March of the divas
Is Lindsay Lohan up to her old ways?
The â€œMean Girlsâ€ star has cut back on her partying since leaving rehab last month, but an insider on the set of her new flick says Lohan is still displaying some of the unpredictability that upset her co-workers on the recently completed â€œGeorgia Rule.â€
Lohan kept crew members waiting for hours on the set of â€œI Know Who Killed Meâ€ on Feb. 21, a source told In Touch Weekly.
â€œWhen she finally arrived, she said that she needed to take a nap,â€ the source told the mag.
But Lohan didnâ€™t emerge from her trailer for five hours, and then threw up and immediately went home, says the insider, leaving those left behind to speculate as to what ailed her.
U.S. soldiers paced around their new outpost in Sadr City, checking their watches, drinking coffee and waiting for their Iraqi partners.
They finally rolled up more than two hours late.
It was supposed to be a seamless display of Iraqi and American cooperation in the urban fiefdom of Iraqâ€™s most powerful Shiite militia. What it became, however, was a wrangle of competing commanders, bruised egos and conflicting priorities.
The troubles in launching just one joint mission late Tuesday pointed to the larger â€” and long-term â€” challenges of trying to mesh battle-hardened U.S. forces with untested Iraqi recruits as Baghdadâ€™s 3-week-old security crackdown tries to hold the ground itâ€™s reclaimed.
â€œIf we get out of here by midnight, Iâ€™ll call this a success,â€ whispered Capt. Josh Taylor, 28, of Florence, Ala., a company commander from the Armyâ€™s 1st Squadron, 73rd Cavalry Regiment.
Hours before, U.S. soldiers arrived at a former police station being converted to an Iraqi-U.S. compound. U.S. forces first entered the capitalâ€™s sprawling Sadr City district on Sunday under a carefully scripted deal between military authorities and political allies of radical cleric Muqtada al-Sadr and his Mahdi Army militia.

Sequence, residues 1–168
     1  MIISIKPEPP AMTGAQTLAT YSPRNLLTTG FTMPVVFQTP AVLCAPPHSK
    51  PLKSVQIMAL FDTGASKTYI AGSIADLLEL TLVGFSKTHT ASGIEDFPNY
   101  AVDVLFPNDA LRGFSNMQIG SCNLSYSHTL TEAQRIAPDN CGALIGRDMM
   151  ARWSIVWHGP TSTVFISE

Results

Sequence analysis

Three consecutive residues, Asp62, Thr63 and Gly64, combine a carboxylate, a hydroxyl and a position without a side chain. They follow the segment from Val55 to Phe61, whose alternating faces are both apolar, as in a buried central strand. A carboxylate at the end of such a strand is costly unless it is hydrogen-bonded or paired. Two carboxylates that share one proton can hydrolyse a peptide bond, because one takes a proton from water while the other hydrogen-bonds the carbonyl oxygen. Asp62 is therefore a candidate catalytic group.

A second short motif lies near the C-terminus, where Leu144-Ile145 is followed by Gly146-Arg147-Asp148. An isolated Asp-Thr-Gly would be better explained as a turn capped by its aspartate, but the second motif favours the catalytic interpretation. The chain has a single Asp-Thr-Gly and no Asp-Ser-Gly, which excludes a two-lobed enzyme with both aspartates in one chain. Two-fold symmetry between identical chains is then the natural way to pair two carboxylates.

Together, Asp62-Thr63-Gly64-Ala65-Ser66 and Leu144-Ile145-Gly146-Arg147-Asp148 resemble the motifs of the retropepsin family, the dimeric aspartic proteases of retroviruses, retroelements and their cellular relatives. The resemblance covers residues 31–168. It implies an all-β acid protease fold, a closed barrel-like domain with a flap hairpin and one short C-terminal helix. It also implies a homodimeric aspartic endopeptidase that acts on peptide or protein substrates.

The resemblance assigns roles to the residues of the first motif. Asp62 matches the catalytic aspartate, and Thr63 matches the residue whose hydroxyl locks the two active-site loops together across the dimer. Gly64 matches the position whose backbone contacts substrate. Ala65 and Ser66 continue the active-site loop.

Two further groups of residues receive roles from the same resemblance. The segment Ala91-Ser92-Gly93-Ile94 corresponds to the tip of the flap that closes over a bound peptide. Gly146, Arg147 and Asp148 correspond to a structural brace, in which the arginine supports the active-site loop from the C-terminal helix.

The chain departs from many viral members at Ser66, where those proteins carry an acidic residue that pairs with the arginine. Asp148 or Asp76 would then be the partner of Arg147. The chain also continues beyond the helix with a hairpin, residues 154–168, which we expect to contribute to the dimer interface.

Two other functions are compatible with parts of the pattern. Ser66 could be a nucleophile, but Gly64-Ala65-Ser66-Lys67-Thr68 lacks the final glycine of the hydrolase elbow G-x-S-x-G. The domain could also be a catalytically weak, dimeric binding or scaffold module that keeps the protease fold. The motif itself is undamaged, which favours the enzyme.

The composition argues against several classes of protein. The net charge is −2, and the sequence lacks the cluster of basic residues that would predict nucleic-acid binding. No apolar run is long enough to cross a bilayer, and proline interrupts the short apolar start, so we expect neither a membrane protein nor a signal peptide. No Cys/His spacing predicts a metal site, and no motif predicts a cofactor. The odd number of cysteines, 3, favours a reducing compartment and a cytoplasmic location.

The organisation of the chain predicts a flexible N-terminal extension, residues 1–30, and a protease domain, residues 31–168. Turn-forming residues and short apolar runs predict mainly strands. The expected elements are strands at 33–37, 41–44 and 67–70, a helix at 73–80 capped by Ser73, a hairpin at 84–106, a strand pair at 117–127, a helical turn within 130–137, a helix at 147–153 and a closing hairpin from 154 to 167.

The patrol was scheduled to get under way about 7 p.m. â€” with one of the first stops to see an informant promising to identify Mahdi Army members in hiding.
But there were no Iraqi forces around except for the handful of local policemen permanently stationed at the outpost.
The nearly 60 Americans went upstairs to wait. The Iraqis stayed in a makeshift lounge, nibbling on bread and cheese and watching the reality show â€œPimp My Rideâ€ on a satellite channel.
U.S. soldiers broke out some coffee. Some plugged in their iPods. Taylor and a few others reviewed plans for the mission.
Still no Iraqis. More coffee. More tunes. And more grumbling.
They began to show up about 9 p.m., but the full contingent of about 20 Iraqi troops was not ready until a half hour later.
Taylor assured the Iraqis the U.S. mission was to teach them how to keep their neighborhoods safe â€” not to play big brother â€” and that cooperating was the only way to stop the violence. The Iraqis rolled their eyes and sighed quietly.
A cell phone rang and the Iraqi lieutenant left the room to chat, cutting off Taylor in mid-sentence.
â€œI would have already smacked him in his face,â€ Sgt. Chase Decker, 23, of Port Orchard, Wash., muttered from a corner where he and three other U.S. soldiers were watching the culture clash unfold.
After hours of debate, midnight neared and the Iraqi commanders heard a translator explain the operation.